(Relatively) New on the Music Scene: Haim

By Rebecca MacKay

As seen in Pegasus Pages (Summer 2014)

I admit, I haven’t been a fan of Haim for long: I haven’t been following them from conception or anything, though, looking back, I probably should have been. In fact, when their new album first came onto British shelves I was utterly dismissive, believing it to be yet another hipster attempt at individuality from an all girl band once again attempting, but failing, to assert themselves into the music scene.

How wrong I was. This band actually succeeds where many before them have failed: they bring something new and different, something unlike anything we’ve heard in recent years – which is a welcome change.

The band in question is Haim (pronounced like ‘time’; weird, I know). The three sisters, Este (27), Danielle (24), and Alana (22) Haim, have risen from playing small gigs in Californian back bars to firmly putting their stamp on the music scene with their compulsive drumbeats and piercing guitar riffs, taking Britain by storm.

They are primarily drummers – a fact evident in their music with the deceptively simple beats that punch the song along and give it that modern twist. They successfully utilise Garage Band in ways I didn’t think were possible.

They’re not afraid to employ any and all instruments and don’t shy away from technology as many bands of their genre would.

Adding to the unique flavor of their songs comes Danielle’s lead vocals and addictive guitar riffs that permeate through each individual song. Her voice is breathy, strong, low and passionate, and,  backed by the differing tones of her sisters, they work in brilliant combination.

Having achieved an incredible amount already with their single ‘Forever EP’, released late last year, they were already a band to watch, but with the long awaited release of their debut album Haim have shot into the music world, headlining the iTunes Festival in September and embarking on their own tour for 2014.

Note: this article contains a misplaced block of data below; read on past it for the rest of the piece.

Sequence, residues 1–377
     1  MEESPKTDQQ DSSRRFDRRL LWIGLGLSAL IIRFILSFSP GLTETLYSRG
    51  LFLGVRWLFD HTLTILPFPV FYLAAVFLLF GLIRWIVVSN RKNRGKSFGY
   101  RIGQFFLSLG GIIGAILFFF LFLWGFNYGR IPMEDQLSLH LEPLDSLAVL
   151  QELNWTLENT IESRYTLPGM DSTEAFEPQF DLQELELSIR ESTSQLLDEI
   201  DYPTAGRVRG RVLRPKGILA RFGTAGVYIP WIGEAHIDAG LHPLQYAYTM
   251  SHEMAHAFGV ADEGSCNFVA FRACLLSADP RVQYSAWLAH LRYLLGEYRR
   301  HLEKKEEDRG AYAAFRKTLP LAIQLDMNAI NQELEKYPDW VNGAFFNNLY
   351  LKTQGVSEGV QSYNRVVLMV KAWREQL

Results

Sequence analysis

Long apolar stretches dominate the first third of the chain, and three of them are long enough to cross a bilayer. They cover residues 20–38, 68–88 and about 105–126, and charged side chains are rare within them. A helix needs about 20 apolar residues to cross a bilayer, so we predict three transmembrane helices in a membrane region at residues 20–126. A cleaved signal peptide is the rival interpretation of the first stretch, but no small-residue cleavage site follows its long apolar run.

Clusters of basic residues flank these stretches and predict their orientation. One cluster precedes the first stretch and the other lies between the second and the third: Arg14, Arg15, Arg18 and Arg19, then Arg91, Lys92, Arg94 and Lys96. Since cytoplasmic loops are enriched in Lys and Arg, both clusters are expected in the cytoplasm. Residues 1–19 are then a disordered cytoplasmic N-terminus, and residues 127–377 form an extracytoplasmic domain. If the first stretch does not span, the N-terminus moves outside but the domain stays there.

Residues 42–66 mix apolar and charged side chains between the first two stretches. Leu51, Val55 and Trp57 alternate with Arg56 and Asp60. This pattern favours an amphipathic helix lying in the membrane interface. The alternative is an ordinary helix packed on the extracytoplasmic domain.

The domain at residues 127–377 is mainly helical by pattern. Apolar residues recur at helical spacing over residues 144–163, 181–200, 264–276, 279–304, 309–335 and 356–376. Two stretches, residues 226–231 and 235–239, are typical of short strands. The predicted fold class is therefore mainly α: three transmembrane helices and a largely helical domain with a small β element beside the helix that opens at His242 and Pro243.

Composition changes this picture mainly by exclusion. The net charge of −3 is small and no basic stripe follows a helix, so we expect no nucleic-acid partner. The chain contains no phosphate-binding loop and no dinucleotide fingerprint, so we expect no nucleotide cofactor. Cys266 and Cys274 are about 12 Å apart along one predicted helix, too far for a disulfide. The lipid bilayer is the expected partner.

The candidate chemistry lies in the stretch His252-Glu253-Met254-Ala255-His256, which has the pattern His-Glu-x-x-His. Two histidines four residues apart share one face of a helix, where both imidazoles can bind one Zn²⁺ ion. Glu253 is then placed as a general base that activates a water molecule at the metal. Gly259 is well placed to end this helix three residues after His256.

Their debut album, Days are Gone, is phenomenal. Using their own background with classic rock, they take clear influence from ‘Fleetwood Mac’ (Check out their cover of ‘Oh Well’: it’s pretty darn good) and masterfully combine it with the current penchant for repetitive beats and sounds. What results is an awkward, experimental but totally refined lovechild comprised of something we of this generation have never heard before.

Now bear with me here because I know on paper that the mixture of ‘Fleetwood Mac’ and the latest rap tune doesn’t sound great. Try and think of it more as ‘Fleetwood Mac’ with the genius of Gaga and a lot of youthful flare.

Okay, so that doesn’t sound much better but the point still stands: they’re indefinable because they themselves are still experimenting. Track 3 (‘The Wire’: definitely one to listen to.) is a completely different kettle of fish from Track 8 (named ‘My Song 5’; for those who use Garage band, this is hilarious) and yet the album still manages to be cohesive. I don’t feel I’m listening to 11 different songs from 11 different artists, more that I’m listening to the same band that isn’t afraid to twist what they know and love: to experiment.

Having attempted to sing praises of this album (and I do hope I have done it justice) I urge you to listen to it. Honestly. And then go see them in concert because they are truly phenomenal on stage. I’m not one to usually listen to this kind of thing but after a chain of events involving Tumblr, a dog and a bass guitar, I’m so glad I found them.

So go and check them out.

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